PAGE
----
Nova Scotia reports six new COVID-19 deaths, 15 new cases
HALIFAX -- Nova Scotia is reporting six new deaths from COVID-19, bringing the province's total number of deaths to 22.
Five of the six new deaths were at Halifax's Northwood long-term care facility, where 16 of the province's 22 deaths have occurred.
The other death was a man in his 80s who died in the western zone of the province. He was not a resident of a long-term care home.
"Our province is experiencing a tremendous amount of pain right now. Our thoughts are with everyone who has lost a loved one from this virus," said Premier Stephen McNeil. "We stand together to grieve those who have died and to support those who are in mourning."
More cases at Northwood
As of Friday, 10 licensed long-term care homes and unlicensed seniors’ facilities in the province had confirmed cases of COVID-19, involving 191 residents and 90 staff.
Most of those cases are located at Halifax's Northwood long-term care facility, which reports two residents and eight staff had tested positive on Friday.
As of Saturday Northwood is reporting 172 residents and 66 staff having tested positive, as well as 16 of the province's 22 deaths.
Three Northwood residents are considered recovered and have been moved to a Halifax hotel serving as an 'off-site recovery unit'. Two more residents are expected to be transported to the unit tomorrow.
"We are heartbroken to announce that five more residents have passed away due to complications with COVID-19. We extend our deepest sympathies and condolences to the families and friends of those who lost loved ones. We have been in direct contact to extend our support and offer our help in any way possible." said a statement on the Northwood website.
15 more cases
The province also reported 15 new cases of COVID-19 Saturday, bringing the province's total to 865.
Nova Scotia says 412 cases in the province have recovered and are now considered resolved.
"With the weekend upon us, I ask everyone to remain vigilant. Please stay home as much as possible, wash your hands and maintain physical distance," said Dr. Robert Strang, Nova Scotia's chief medical officer of health. "Let's be able to look back and know we did everything we could to stop this virus from hurting any more of our fellow Nova Scotians."
Premier McNeil and Dr. Strang are not expected to hold a news conference on Saturday, Sunday or Monday.
The QEII Health Sciences Centre’s microbiology lab completed 965 tests on Friday. Nova Scotia has completed more COVID-19 tests per capita than any other province.
To date, Nova Scotia has 25,119 negative test results, and 22 deaths.
The confirmed cases range in range from 10 to over 90.
Eleven people are in hospital. Three patients are currently in intensive care units.
While most cases in Nova Scotia have been connected to travel or a known case, community spread has been confirmed, which is why travel has been removed as a requirement for testing.
22 COVID-19 related deaths
The six new deaths bring the provincial total to 22 COVID-19 related deaths, with 16 of those coming from Halifax's Northwood long-term health facility. 20 out of 22 deaths have been residents of long-term care facilities.
On April 25, the province announced six new COVID-19 related deaths. Five of the six new deaths were at Halifax's Northwood long-term care facility. The other death was a man in his 80s who died in the Western zone of the province. He was not a resident of a long-term care home.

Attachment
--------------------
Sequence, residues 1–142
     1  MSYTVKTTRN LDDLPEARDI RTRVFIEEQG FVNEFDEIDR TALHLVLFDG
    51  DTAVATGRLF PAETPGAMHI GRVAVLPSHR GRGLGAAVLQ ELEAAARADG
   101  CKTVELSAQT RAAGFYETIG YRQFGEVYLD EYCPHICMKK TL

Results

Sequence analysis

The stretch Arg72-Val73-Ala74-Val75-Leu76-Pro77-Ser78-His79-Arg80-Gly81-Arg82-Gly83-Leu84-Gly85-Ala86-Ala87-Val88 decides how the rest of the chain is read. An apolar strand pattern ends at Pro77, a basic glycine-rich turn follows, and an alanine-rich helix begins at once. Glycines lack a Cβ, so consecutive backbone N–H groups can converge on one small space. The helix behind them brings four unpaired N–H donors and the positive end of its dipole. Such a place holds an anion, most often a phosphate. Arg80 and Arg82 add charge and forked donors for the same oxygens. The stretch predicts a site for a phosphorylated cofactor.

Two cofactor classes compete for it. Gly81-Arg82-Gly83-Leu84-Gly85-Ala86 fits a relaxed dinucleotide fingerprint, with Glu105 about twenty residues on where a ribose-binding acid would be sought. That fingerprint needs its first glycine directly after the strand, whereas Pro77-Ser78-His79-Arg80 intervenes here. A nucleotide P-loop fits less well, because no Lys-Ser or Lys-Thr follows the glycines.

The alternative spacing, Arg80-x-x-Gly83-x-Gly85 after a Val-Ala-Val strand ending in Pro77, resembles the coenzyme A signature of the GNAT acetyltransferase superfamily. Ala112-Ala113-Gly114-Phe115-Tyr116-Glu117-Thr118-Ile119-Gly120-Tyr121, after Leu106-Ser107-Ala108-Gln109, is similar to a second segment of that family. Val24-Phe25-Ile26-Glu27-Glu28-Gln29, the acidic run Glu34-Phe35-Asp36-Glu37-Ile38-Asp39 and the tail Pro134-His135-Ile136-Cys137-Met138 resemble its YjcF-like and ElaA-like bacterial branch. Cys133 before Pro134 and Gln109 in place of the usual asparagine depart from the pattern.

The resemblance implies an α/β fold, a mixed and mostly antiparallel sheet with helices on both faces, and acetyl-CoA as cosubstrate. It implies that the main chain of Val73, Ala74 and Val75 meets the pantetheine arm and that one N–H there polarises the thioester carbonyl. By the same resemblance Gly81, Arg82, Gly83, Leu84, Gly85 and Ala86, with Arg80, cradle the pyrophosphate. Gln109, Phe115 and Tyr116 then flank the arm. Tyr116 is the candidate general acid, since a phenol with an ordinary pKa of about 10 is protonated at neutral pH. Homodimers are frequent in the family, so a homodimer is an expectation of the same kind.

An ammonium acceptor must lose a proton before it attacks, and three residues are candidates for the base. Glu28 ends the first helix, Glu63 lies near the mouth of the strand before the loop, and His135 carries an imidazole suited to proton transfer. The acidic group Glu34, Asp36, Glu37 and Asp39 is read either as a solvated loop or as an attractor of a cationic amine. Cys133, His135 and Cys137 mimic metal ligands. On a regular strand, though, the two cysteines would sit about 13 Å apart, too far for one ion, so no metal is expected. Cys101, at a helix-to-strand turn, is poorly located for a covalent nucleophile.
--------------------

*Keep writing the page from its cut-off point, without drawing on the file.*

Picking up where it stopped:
On April 23, the province announced four COVID-19 related deaths. Three occurred at Northwood, while the fourth was a resident of Harbourstone Enhanced Care in Sydney, N.S.
On April 22, the province announced two COVID-19 related deaths, both occurring at Northwood.
On April 21, the province announced one COVID-19 related death, occurring at Northwood.
On April 19, the province announced two COVID-19 related deaths, both occurring at Northwood.
On April 18, the province announced three COVID-19 related deaths, all occurring at Northwood.
On April 17, the province announced one COVID-19 related death, a woman in her 80s who died in the Cape Breton Regional Hospital. It was later revealed that she was a resident of Harbourstone Enhanced Care in Sydney, N.S.
On April 13, the province announced one COVID-19 related death, a man in his 80s who died at the Admiral Long Term Care Centre in Dartmouth, N.S.
On April 9, the province announced one COVID-19 related death, a woman in her 90s who died in the Cape Breton Regional Hospital on April 8.
On April 7, the province announced its first COVID-19 related death, a woman in her 70s who died in the Cape Breton Regional Hospital on April 6. It was later revealed that she was a resident at the Northside Community Guest Home in North Sydney, N.S.
Where are the cases located?
There are confirmed COVID-19 cases across the province. More details are available in an online map, which breaks down the cases according to the Nova Scotia Health Authority’s four zones.
14 of the 15 new cases reported Saturday are located in the central zone, which contains the Halifax Regional Municipality. The other new case was in the Eastern zone.
- Western zone: 54 cases
- Central zone: 723 cases
- Northern zone: 38 cases
- Eastern zone: 50 cases
Public health is working to identify and test anyone who may have come in close contact with a confirmed case. Individuals who have tested positive are being told to self-isolate at home for 14 days.
Anyone who travelled outside of Nova Scotia is required to self-isolate for 14-days upon return.
COVID-19 symptoms to screen for
The symptoms for which COVID-19 is being screened have recently expanded.
Anyone with two or more of the following symptoms is asked to take an online questionnaire to determine if they should call 811 for further assessment.
- new or worsening cough
- sore throat
- runny nose
This is a developing story, more to come.